In 1962, Lodge, who had strong views about issues such as foreign aid, unemployment, and civil rights, entered Massachusetts politics. Having finished Spearheads of Democracy (inspired by his Labor Department duties, which had taken him to Latin America, Africa, and Asia), he decided to leave the School to run for the U.S. Senate as the Republican candidate against Edward M. Kennedy.

Lodge lost the election but was invited back to Soldiers Field by the new Dean, George P. Baker. He then turned his energies to teaching and launching the Central American Institute of Business Administration (INCAE), a project driven by the missionary idealism of the time. Lodge solicited support from Central American managers, researched their companies, and led a team that wrote hundreds of cases for the new school, now flourishing in Costa Rica and Nicaragua.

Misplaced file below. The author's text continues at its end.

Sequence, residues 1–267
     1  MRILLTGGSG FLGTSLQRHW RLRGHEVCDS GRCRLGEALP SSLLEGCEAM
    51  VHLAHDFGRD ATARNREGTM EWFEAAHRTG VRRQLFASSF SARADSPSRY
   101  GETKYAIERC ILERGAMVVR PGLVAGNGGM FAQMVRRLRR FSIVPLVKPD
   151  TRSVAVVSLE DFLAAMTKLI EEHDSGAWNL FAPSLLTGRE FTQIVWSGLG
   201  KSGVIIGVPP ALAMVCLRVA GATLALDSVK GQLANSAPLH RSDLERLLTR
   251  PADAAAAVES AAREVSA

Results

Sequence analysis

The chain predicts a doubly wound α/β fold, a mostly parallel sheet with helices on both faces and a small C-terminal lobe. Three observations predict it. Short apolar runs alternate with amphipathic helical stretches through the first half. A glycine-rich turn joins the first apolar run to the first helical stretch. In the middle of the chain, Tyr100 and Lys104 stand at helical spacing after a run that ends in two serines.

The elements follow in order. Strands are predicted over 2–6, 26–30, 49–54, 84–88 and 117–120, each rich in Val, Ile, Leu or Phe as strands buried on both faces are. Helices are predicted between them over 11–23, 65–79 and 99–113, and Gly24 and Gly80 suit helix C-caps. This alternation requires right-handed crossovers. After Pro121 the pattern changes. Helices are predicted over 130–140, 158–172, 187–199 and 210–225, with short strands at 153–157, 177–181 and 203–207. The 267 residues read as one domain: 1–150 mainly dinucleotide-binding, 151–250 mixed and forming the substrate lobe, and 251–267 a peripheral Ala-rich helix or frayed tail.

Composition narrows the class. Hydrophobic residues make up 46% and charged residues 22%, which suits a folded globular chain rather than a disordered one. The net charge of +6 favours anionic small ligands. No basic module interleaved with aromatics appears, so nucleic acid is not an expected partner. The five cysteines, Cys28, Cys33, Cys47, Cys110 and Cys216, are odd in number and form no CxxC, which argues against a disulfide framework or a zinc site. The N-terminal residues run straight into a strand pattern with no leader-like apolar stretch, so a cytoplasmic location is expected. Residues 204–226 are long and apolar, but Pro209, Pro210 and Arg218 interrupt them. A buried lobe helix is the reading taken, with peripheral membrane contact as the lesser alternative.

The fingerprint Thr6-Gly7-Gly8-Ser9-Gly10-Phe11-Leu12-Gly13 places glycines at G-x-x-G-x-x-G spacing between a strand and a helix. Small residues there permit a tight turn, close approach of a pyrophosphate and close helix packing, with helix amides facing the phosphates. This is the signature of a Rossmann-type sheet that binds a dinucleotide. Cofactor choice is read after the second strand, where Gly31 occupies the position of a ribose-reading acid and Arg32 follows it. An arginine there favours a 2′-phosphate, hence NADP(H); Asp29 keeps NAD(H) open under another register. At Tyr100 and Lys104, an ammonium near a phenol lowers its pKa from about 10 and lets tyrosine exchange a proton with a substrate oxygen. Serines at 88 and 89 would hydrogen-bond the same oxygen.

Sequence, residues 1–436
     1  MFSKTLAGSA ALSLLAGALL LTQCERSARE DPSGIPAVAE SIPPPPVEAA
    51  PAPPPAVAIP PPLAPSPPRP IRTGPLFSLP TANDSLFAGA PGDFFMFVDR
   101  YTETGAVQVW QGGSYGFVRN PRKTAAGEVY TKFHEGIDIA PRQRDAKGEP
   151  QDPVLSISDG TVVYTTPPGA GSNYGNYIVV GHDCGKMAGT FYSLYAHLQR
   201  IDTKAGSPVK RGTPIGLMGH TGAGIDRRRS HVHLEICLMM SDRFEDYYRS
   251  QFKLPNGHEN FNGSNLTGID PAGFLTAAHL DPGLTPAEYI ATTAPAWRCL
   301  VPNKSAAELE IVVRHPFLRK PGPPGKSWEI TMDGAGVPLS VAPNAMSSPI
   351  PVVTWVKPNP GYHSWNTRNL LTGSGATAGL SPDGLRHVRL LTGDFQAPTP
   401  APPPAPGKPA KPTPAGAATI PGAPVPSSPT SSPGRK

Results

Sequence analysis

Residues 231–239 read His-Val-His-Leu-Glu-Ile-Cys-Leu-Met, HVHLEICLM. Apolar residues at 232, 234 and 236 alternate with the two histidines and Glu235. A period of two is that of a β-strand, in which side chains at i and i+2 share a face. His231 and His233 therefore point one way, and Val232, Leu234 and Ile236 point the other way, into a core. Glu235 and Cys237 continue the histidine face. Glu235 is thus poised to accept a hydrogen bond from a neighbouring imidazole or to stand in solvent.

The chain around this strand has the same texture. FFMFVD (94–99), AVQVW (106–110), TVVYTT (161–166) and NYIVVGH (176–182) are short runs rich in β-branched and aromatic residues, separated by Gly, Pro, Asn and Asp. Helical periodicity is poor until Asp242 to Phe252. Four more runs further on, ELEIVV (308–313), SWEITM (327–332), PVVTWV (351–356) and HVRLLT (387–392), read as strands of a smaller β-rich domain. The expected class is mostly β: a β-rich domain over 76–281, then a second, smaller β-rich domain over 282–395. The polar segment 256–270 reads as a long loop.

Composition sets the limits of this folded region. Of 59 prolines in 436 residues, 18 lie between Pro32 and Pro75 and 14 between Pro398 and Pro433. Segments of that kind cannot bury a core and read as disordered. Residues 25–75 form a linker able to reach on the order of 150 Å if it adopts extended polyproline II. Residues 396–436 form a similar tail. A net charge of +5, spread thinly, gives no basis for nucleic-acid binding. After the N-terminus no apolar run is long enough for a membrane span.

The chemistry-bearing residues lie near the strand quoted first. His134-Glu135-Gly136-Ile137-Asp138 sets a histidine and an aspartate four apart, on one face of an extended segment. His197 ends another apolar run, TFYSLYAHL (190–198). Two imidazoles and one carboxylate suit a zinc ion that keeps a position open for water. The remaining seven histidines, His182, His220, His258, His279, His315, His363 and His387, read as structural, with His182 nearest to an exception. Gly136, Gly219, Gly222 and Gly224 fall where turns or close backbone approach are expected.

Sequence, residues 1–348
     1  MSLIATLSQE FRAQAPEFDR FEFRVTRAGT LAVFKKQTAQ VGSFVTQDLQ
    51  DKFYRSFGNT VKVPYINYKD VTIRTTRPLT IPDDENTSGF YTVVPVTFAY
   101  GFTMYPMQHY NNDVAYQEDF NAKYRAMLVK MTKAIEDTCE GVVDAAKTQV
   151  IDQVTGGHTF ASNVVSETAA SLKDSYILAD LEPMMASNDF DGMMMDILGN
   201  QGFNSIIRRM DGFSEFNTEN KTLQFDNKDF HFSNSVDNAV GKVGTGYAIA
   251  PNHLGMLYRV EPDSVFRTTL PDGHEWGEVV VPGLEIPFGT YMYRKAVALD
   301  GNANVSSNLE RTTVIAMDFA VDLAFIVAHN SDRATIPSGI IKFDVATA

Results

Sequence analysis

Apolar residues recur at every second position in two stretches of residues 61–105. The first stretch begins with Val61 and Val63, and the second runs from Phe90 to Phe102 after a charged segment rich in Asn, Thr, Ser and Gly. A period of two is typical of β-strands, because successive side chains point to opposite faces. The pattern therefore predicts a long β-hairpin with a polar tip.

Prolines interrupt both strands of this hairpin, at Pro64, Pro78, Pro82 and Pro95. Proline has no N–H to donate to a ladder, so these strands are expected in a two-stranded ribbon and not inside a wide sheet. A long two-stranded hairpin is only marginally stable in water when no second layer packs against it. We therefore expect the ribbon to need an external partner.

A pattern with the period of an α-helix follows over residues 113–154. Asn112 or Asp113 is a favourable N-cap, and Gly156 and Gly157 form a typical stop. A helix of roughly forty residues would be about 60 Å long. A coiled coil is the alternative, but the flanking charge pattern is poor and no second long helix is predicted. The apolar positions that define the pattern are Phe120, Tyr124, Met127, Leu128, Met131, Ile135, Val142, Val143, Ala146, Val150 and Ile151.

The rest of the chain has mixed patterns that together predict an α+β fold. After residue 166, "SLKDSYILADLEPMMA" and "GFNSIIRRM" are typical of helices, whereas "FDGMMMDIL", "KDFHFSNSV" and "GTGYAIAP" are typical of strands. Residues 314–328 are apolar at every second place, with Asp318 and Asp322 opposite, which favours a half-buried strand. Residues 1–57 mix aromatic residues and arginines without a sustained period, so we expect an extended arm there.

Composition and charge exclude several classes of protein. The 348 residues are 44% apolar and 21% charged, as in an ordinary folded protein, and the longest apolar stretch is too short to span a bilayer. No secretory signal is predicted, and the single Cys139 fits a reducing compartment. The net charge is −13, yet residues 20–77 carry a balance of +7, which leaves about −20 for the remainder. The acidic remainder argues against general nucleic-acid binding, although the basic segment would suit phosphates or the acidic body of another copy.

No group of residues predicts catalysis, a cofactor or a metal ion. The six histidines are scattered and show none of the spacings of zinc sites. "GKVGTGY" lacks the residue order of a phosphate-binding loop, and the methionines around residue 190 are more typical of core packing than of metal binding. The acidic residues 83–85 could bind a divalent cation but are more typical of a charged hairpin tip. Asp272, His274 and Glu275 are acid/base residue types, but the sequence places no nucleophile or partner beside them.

At the same time, Lodge undertook a three-year research project in the remote province of Veraguas in Panama to study the process of change in a developing country at close quarters. With the help of some HBS students, he gathered local statistics and followed the development of a peasant cooperative movement. Lodge found that economic development was more accurately seen as psychological and political change. It was therefore intensely controversial. In a book titled Engines of Change: United States Interests and Revolution in Latin America, published in 1970, Lodge argued that "development equals change of a systemic nature because it involves reallocation of power." This volume inspired the U.S. Congress to establish the Inter-American Foundation, an independent agency devoted to fueling change engines, with Lodge as vice chairman.

In Central America, Lodge began to perceive ideology as "the collection of ideas that a society uses to make values explicit." Considering this concept further upon his return to HBS in 1968, he realized that ideology could be used as a multidisciplinary analytical tool for comparing countries and understanding change within a particular nation.